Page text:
4. ^ J. Simpson and E. Weiner, Oxford English Dictionary (Oxford: Oxford University Press, 1989), ISBN 0198611862, cf pop.
  5. ^ D. Hatch and S. Millward, From Blues to Rock: an Analytical History of Pop Music, ISBN 0719014891, p. 49.
  6. ^ a b c R. Middleton, et al, "Pop", Grove music online, retrieved 14 March 2010. Template:Subscription required
  7. ^ "Pop", The Oxford Dictionary of Music, retrieved 9 March 2010.Template:Subscription required
  8. ^ A. M. Macdonald, ed., Chambers' Twentieth Century Dictionary (Edinburgh: Chambers Harrap, 1977), ISBN 0550102310, cf. pop.
  9. ^ a b Kenneth Gloag in The Oxford Companion to Music, (Oxford: Oxford University Press, 2001), ISBN 0198662122, p. 983.
  10. ^ a b c d T. Warner, Pop Music: Technology and Creativity: Trevor Horn and the Digital Revolution (Aldershot: Ashgate, 2003), ISBN 075463132X, pp. 3-4.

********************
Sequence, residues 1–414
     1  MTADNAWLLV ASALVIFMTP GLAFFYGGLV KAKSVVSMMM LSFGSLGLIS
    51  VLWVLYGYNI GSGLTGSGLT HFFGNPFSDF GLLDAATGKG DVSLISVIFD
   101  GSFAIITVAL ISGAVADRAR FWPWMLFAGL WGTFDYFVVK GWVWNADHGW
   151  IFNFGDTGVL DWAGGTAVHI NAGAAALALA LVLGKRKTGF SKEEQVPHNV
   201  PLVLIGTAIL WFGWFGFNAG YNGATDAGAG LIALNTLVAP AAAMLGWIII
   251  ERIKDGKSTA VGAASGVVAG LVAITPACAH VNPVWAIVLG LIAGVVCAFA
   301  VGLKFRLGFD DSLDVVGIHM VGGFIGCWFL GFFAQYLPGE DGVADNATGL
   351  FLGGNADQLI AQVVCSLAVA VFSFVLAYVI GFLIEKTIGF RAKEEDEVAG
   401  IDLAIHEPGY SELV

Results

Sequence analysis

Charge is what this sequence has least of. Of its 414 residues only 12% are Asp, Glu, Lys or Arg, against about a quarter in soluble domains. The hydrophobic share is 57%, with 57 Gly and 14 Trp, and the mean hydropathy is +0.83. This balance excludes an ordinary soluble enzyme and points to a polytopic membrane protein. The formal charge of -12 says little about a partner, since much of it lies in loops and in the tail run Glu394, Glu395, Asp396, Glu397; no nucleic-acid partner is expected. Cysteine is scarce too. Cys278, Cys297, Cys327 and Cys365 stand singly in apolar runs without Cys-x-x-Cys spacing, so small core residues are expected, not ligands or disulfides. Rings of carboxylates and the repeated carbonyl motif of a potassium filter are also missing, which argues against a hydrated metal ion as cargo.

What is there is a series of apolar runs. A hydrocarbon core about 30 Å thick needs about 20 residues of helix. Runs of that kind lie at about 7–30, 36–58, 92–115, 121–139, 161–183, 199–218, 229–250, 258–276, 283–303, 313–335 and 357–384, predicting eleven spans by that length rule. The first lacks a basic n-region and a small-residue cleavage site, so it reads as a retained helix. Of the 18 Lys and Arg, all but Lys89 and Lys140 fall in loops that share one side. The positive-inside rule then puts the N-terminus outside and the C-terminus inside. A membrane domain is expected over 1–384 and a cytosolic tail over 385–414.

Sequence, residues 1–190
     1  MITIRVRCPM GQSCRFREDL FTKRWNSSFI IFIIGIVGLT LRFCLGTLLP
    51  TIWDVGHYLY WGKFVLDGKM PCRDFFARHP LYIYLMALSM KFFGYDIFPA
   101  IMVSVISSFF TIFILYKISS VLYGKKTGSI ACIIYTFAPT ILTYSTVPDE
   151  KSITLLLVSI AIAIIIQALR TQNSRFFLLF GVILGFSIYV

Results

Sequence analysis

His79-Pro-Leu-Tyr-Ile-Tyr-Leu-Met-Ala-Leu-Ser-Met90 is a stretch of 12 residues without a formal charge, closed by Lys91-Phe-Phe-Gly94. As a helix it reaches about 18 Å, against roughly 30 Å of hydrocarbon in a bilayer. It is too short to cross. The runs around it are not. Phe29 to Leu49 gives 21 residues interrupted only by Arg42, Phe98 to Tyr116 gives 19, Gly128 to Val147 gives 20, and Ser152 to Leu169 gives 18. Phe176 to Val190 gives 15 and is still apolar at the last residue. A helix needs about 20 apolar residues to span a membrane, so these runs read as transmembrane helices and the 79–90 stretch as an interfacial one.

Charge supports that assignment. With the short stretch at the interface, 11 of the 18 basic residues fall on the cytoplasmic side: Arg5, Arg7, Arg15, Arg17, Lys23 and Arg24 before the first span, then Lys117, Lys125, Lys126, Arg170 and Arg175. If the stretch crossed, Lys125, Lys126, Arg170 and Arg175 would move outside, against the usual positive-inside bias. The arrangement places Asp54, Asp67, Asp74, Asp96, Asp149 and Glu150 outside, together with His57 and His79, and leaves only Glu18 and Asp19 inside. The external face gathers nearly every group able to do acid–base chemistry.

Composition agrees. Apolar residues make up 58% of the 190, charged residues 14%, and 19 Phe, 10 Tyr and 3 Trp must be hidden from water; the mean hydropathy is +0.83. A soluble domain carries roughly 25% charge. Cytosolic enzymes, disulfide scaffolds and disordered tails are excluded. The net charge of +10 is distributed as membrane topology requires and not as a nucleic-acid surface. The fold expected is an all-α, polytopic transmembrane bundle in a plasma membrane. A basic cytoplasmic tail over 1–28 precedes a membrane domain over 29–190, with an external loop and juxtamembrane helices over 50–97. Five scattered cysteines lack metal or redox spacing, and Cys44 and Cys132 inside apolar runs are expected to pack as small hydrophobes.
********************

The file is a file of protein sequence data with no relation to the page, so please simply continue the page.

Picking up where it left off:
11. ^ S. Frith, "Pop music", in S. Frith, W. Straw and J. Street, eds, The Cambridge Companion to Pop and Rock (Cambridge: Cambridge University Press), ISBN 0-521-55660-0, pp. 95–6.
  12. ^ a b c d e D. Buckley, "Pop" "II. Implications of technology", Grove Music Online, retrieved 15 March 2010.
  13. ^ J. Kun, Audiotopia: Music, Race, and America (Berkeley, CA: University of California Press, 2005), ISBN 0520244249, p. 201.
  14. ^ a b c P. Manuel, "Pop. Non-Western cultures 1. Global dissemination", Grove Music Online, retrieved 14 March 2010.
  15. ^ W. Everett, Expression in Pop-rock Music: A Collection of Critical and Analytical Essays (London: Taylor & Francis, 2000), p. 272.
  16. ^ J. Shepherd, Continuum Encyclopedia of Popular Music of the World: Performance and production (Continuum, 2003), p. 508.
  17. ^ V. Kramarz, The Pop Formulas: Harmonic Tools of the Hit Makers (Mel Bay Publications, 2007), p. 61.
  18. ^ Winkler, Peter (1978). "Toward a theory of pop harmony", In Theory Only, 4, pp. 3-26.
  19. ^ Sargeant, p. 198. cited in Winkler (1978), p. 4.
  20. ^ Winkler (1978), p. 22.